Half a dozen 4- to 7-year-olds trooped onto a mat at the ATA Martial Arts school in Minot and assumed a martial arts stance, mimicking the one demonstrated by 11-year-old Jesse Ward.
Now and then Jesse corrected the arm position of one of the taekwondo students or instructed another to move her foot out differently.
When Jesse is in teacher mode, he's "Mr. Ward" to the "Tiny Tigers" at the school, and even ATA Martial Arts owner Daniel Merck calls his young colleague "sir."
Andrea Johnson/MDN - - Jesse Ward, 11, right, is an assistant teacher at American Taekwondo Association or ATA Martial Arts school. Here he demonstrates a move to younger students during a class held on March 14.
It's not unusual for a child to team-teach a class at the ATA Martial Arts. Jesse is one of the students in Merck's Leadership program and won an award for being Junior Leader of the Year last month at the Region 114 conference of the American Taekwondo Association in Iowa. He was chosen for the honor among hundreds of kids in the four- state region of North Dakota, South Dakota, Minnesota and Iowa.
Jesse, a sixth-grader at Bell Elementary, has been in Merck's leadership program since December 2007.
What makes Jesse a bit different from the other Young Leaders is his level of maturity, said Merck.
Merck said he still supervises the classes that Jesse helps teach, "because he is a kid," but said he probably wouldn't have to. Most other teachers Jesse's age would be able to teach part of a class and then have an adult step in and take over again.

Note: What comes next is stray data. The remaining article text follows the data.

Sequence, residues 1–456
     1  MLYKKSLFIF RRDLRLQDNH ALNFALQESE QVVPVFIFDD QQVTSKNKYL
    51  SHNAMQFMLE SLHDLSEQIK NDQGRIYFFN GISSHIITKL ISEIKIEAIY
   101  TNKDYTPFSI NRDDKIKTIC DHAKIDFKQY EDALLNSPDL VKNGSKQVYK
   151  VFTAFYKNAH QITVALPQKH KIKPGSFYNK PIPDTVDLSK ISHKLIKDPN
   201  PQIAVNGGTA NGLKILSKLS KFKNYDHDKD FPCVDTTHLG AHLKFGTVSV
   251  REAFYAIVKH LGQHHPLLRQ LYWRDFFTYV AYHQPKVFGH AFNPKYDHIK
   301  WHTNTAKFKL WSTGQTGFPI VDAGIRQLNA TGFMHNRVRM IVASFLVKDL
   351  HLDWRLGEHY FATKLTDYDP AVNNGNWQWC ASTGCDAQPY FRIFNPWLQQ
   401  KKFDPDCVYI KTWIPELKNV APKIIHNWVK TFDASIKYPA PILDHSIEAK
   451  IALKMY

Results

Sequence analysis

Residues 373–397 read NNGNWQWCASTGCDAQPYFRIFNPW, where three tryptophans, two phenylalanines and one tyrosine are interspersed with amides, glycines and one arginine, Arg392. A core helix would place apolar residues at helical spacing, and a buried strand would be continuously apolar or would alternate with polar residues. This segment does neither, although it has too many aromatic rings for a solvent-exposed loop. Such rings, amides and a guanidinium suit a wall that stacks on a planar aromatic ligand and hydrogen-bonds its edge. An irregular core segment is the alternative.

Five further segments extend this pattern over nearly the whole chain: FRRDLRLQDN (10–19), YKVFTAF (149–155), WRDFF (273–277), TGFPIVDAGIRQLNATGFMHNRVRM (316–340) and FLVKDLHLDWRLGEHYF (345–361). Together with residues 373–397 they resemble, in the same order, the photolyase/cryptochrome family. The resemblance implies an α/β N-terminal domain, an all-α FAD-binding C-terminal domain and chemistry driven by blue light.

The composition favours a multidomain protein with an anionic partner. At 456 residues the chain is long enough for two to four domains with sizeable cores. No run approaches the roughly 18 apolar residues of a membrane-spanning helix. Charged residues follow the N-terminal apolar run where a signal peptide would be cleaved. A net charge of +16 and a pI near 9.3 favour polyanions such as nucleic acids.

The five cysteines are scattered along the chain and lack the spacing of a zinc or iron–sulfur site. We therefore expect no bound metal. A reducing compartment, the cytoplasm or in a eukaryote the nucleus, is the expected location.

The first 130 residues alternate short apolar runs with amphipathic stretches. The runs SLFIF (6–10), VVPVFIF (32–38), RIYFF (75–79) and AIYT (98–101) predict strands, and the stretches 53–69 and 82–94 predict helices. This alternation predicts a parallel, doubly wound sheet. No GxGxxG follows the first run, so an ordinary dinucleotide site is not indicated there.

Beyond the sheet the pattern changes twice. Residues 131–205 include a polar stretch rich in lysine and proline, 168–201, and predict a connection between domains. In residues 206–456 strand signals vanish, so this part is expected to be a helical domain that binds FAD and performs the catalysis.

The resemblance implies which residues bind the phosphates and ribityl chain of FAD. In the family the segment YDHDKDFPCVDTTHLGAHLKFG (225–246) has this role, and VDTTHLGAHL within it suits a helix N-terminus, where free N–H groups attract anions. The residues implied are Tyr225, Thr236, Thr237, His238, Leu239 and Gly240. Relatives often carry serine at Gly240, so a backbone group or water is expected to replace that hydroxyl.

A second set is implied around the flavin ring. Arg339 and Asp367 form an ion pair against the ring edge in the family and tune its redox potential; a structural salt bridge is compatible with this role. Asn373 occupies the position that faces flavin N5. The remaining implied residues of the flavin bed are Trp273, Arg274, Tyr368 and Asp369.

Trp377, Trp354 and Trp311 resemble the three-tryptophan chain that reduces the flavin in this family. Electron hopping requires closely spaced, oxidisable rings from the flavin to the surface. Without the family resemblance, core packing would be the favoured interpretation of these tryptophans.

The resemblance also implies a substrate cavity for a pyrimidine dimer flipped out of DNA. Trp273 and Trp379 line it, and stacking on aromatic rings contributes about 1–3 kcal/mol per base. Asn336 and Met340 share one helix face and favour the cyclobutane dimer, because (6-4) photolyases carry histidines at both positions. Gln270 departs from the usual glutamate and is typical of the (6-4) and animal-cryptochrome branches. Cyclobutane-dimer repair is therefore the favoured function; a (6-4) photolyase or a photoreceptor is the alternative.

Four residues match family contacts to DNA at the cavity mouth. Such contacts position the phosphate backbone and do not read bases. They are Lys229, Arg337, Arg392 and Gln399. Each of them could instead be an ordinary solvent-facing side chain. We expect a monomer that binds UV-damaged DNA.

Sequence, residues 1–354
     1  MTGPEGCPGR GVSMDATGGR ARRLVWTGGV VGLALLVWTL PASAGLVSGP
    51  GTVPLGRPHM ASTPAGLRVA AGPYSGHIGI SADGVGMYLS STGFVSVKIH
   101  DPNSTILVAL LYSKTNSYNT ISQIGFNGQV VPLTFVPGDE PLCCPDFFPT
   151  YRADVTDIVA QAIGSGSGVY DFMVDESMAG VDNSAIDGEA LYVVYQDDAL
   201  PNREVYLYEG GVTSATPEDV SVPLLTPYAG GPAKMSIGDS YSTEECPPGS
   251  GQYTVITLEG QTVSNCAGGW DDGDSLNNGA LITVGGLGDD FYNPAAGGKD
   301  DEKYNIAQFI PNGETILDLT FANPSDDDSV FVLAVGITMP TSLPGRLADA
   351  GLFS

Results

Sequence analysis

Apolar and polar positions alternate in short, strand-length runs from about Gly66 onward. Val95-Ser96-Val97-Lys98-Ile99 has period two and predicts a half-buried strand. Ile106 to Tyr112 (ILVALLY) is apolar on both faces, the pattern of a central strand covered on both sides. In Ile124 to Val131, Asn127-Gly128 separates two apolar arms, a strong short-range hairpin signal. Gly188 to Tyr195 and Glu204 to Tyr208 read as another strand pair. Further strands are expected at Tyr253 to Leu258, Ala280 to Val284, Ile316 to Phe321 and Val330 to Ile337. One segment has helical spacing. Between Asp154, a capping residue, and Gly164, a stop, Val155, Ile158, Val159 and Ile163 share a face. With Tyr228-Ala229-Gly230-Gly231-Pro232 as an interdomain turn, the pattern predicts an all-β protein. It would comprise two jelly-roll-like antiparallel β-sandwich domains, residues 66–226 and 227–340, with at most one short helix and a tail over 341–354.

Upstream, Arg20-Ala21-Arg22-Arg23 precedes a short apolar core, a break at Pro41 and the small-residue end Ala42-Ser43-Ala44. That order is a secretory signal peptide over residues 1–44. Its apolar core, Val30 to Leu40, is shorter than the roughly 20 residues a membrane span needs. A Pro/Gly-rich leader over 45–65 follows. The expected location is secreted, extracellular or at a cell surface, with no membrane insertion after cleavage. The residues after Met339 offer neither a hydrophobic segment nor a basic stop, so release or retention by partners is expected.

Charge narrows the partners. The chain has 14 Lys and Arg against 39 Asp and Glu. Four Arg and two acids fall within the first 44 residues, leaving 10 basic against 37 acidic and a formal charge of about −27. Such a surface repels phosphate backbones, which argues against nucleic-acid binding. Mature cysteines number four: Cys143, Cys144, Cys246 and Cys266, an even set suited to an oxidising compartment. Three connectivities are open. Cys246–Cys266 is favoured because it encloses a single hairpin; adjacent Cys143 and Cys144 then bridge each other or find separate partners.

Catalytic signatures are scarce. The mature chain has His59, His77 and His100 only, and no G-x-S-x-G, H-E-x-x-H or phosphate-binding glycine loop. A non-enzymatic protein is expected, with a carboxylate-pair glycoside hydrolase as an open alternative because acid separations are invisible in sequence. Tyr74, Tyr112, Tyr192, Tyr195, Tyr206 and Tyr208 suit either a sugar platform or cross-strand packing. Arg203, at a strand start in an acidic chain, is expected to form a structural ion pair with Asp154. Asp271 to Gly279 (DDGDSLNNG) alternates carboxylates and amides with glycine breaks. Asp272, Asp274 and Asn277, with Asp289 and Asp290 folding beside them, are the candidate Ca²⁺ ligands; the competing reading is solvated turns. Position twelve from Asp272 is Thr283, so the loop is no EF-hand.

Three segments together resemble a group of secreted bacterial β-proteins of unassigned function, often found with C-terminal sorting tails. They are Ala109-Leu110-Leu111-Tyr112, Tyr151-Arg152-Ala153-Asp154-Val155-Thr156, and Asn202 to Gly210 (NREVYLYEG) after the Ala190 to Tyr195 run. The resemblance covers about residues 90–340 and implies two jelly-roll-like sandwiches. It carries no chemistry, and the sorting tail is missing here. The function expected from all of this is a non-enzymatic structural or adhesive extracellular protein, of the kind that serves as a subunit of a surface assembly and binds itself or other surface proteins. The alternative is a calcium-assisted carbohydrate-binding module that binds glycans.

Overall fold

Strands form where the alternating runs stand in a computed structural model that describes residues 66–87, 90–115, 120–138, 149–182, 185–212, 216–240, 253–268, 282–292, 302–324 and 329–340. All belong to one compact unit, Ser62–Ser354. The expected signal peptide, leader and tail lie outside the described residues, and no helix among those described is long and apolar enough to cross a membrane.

"He can start a class, teach it and end it," Merck said. "He can really just be left alone."
Jesse assists in teaching three to four classes a week, has participated in the ATA Martial Arts' demonstration team, and competes in tournaments and has done well there too.
Jesse is a second-degree black belt in taekwondo. It took him more than two years to earn that honor. He'd like to keep studying with Merck until he attains his fifth-degree black belt, which would take more time.
Jesse was 6 when he started taking taekwondo classes with his sister. They got their black belts together. His sister quit taekwondo, but Jesse wanted to continue.
"I just kept going because it's fun," Jesse said.
Jesse's mom, Angie, said she thinks Jesse has gotten other benefits from being part of the class.
"I think he likes the structure and he loves to help the kids," said Angie Ward.
Jesse is also a straight-A student and teachers often remark on how polite he is, she said. He sticks up for other kids and lets teachers know if someone is being bullied. Merck's lessons have helped Jesse deal with difficult times in his own life, said his mom.
Merck has taught the students to deal with their frustrations in a positive manner.
"He has been a great role model for other students," said Merck, who owns the studio with his wife, Tina.